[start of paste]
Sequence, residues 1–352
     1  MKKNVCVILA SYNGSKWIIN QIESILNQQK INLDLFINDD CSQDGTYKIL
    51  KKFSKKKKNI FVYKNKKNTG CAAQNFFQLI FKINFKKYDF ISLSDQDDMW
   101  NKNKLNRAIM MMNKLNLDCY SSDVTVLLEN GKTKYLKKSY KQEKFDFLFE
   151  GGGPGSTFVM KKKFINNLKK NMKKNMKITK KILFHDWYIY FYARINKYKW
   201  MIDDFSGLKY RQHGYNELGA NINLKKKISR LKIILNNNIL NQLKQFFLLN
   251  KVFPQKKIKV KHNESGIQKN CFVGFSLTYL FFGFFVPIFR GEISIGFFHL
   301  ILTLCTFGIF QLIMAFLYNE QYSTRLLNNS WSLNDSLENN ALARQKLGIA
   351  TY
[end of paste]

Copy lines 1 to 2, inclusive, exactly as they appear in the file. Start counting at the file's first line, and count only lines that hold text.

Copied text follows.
Sequence, residues 1–352
     1  MKKNVCVILA SYNGSKWIIN QIESILNQQK INLDLFINDD CSQDGTYKIL